Direct Approach

When using direct approach, the main idea of anything be written/typed needs to come in the top of the document. Then followed by the evidence. This method of writing immediately addresses the subject at hand. This approach is used when either your audience will be neutral or positive toward your message. The direct approach usually mandates that you lead off with a summary of your key findings, conclusions and recommendations. For example, good-news messages should use the direct approach because there is no need to prep the mind of the reader for good news, and it puts the emphasis on the good news.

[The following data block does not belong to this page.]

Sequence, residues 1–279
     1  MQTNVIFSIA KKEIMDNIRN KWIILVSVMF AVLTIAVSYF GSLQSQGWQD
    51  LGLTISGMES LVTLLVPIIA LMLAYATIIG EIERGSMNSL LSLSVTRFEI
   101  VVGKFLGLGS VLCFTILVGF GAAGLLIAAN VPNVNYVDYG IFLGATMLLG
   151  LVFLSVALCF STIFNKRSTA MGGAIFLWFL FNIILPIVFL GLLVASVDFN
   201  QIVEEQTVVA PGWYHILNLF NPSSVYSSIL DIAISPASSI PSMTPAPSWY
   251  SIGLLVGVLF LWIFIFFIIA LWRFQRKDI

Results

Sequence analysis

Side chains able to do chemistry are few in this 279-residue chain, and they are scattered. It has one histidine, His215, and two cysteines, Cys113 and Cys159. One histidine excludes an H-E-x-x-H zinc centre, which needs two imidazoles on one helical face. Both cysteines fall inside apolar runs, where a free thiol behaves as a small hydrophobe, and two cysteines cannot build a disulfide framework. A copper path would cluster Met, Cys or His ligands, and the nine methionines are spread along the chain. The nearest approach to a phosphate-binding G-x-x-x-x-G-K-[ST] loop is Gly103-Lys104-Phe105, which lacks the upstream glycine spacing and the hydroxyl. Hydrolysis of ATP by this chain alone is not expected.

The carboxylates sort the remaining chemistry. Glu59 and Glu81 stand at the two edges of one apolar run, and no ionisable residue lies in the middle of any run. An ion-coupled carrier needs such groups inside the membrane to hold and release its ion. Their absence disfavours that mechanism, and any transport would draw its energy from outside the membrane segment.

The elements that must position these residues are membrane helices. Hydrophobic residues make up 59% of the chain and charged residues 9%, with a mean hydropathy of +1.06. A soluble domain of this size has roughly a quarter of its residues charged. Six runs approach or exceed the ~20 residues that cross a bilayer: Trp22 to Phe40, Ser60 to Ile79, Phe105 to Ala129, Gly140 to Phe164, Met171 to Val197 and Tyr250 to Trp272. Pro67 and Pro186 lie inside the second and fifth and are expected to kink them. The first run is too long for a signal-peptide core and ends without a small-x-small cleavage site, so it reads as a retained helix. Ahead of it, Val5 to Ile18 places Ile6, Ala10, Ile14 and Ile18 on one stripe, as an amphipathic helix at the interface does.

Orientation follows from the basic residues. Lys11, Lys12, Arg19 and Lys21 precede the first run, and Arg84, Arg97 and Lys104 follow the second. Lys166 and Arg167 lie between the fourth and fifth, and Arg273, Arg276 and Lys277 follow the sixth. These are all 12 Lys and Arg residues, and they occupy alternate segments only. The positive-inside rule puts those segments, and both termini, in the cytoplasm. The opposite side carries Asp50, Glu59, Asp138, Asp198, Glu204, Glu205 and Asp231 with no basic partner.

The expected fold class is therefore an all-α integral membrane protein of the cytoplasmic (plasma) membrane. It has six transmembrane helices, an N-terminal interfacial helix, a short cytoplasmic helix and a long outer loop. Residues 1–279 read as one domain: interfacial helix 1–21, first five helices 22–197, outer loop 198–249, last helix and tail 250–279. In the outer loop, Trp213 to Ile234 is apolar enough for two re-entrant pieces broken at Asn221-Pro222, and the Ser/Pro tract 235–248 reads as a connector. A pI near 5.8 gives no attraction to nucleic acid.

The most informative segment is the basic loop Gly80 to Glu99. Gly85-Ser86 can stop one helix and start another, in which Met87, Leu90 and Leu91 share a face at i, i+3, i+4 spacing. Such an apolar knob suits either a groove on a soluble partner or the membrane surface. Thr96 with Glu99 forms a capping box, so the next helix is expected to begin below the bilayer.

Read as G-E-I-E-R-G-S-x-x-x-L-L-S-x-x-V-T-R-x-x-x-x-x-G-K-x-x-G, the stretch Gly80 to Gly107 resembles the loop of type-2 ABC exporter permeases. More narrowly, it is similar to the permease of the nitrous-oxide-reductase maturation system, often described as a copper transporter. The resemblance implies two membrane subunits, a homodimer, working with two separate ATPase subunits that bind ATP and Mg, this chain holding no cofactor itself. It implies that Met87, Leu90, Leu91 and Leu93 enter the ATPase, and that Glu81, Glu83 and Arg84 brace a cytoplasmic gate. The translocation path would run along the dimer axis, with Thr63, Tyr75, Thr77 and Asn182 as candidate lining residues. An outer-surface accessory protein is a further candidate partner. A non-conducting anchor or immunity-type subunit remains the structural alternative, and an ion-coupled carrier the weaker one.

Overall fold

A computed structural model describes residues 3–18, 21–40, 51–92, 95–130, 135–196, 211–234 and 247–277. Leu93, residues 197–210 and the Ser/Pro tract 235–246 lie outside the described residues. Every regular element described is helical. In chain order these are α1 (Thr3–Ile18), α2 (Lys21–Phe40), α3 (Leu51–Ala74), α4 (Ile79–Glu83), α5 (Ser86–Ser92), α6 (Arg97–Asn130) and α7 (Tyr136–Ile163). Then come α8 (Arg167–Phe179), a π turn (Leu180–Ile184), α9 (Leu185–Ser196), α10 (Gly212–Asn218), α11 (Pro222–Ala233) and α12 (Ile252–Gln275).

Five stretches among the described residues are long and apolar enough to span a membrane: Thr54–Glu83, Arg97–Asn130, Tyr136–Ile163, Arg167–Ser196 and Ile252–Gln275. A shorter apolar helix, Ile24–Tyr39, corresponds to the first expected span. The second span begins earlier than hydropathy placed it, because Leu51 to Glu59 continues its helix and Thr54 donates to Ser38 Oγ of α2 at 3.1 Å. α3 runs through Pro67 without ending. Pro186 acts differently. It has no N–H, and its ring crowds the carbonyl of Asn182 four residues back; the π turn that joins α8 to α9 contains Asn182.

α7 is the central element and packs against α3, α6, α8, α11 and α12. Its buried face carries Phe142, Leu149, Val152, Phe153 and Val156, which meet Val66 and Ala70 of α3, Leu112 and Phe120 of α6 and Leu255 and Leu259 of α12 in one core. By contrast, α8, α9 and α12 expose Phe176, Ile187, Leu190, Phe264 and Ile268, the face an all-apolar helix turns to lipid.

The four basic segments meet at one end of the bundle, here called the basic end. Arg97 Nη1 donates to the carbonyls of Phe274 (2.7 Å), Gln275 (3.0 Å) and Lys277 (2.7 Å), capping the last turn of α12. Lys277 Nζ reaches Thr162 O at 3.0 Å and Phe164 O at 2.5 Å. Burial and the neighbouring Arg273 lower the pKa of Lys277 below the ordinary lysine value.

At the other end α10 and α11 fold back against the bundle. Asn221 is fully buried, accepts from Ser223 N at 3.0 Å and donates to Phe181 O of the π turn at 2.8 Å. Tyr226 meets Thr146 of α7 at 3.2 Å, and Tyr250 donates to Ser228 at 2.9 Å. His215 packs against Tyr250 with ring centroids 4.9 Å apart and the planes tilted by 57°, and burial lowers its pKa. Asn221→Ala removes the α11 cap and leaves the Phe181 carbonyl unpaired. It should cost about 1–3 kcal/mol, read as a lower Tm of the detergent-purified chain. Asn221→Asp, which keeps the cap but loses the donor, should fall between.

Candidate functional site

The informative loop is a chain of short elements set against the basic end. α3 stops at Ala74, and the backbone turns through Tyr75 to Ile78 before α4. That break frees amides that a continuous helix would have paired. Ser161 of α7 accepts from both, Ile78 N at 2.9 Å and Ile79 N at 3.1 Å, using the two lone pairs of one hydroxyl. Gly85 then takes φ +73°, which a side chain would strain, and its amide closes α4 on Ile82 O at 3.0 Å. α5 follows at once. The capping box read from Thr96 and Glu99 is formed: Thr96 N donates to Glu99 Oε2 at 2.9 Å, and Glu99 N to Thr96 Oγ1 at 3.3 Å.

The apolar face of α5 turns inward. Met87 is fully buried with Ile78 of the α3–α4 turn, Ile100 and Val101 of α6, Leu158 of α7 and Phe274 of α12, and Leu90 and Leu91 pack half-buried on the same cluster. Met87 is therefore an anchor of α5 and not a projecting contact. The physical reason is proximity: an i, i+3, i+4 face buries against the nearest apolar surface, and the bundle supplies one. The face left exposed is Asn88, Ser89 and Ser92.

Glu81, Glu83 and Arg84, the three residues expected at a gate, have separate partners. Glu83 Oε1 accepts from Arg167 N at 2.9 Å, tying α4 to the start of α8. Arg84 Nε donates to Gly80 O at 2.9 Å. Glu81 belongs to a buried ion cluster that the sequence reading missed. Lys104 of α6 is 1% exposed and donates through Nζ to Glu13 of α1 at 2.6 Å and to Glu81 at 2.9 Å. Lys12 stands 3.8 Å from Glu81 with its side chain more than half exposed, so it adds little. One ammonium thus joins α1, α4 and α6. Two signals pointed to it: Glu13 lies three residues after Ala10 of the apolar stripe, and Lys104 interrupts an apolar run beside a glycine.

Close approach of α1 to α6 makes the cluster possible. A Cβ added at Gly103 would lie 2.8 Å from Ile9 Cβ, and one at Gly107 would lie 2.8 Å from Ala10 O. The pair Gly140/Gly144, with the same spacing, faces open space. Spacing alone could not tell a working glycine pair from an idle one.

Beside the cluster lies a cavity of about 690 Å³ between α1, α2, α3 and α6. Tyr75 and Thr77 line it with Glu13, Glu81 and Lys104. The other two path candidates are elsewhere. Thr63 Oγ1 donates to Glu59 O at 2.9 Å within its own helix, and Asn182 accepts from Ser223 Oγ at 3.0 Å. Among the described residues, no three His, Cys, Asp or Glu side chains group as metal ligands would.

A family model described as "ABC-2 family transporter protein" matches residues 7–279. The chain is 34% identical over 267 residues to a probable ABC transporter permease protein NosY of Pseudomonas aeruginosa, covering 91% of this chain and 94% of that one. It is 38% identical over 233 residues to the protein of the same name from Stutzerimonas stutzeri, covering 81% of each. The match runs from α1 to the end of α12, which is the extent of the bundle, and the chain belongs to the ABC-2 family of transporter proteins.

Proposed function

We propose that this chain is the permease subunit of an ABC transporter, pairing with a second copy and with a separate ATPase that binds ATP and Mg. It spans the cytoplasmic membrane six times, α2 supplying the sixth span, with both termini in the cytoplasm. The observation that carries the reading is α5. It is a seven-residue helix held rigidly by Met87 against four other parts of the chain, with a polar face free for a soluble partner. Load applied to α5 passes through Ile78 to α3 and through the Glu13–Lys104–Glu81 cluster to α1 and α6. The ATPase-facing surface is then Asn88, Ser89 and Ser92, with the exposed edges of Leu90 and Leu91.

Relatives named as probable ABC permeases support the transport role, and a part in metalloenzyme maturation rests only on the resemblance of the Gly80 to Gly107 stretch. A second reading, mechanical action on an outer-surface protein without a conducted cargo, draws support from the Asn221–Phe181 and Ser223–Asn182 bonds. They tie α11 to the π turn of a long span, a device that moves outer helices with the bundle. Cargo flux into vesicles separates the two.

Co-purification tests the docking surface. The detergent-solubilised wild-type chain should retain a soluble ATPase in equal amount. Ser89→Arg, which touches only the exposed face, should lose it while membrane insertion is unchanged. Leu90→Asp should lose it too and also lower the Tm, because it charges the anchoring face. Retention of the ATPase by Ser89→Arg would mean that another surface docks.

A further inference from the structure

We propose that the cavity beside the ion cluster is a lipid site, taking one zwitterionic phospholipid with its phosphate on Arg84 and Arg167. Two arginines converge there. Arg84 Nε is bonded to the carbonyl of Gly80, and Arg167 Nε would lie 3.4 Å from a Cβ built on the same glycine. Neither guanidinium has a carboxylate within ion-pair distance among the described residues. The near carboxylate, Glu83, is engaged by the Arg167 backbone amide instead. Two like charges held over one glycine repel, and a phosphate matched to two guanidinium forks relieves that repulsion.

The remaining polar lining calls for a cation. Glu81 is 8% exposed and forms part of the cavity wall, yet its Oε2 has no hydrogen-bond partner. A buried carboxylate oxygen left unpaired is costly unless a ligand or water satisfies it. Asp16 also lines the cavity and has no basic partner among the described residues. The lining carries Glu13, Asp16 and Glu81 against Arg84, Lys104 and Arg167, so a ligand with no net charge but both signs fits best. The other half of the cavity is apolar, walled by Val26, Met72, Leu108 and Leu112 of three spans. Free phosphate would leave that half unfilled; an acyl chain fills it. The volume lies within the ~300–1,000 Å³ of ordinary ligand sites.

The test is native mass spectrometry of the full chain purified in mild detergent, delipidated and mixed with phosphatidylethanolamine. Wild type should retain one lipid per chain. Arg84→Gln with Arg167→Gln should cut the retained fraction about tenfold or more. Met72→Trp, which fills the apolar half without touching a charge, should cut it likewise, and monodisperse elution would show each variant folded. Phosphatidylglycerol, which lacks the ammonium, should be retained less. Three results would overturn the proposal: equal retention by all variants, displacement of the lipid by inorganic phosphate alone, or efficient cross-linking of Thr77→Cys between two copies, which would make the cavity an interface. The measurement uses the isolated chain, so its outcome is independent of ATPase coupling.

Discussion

Indirect Approach

The indirect method says a few things before disclosing what the subject is and it is used when your audience is displeased or negative toward your message. It allows the audience time to become acquainted with your message or your organization before you present your recommendation or request for action. The indirect approach is used for persuasive, sales, or bad news messages. This strategy opens with relevant, attention-getting details that do not directly state the purpose of the document. The purpose is revealed in the body of the message, usually sandwiched between supporting details. The four steps of indirect method include buffer, reasons, bad news and closing. Using bad-news as indirect approach because it is likely to be personally upsetting, the bad news is based on a controversial decision or it is unexpected.





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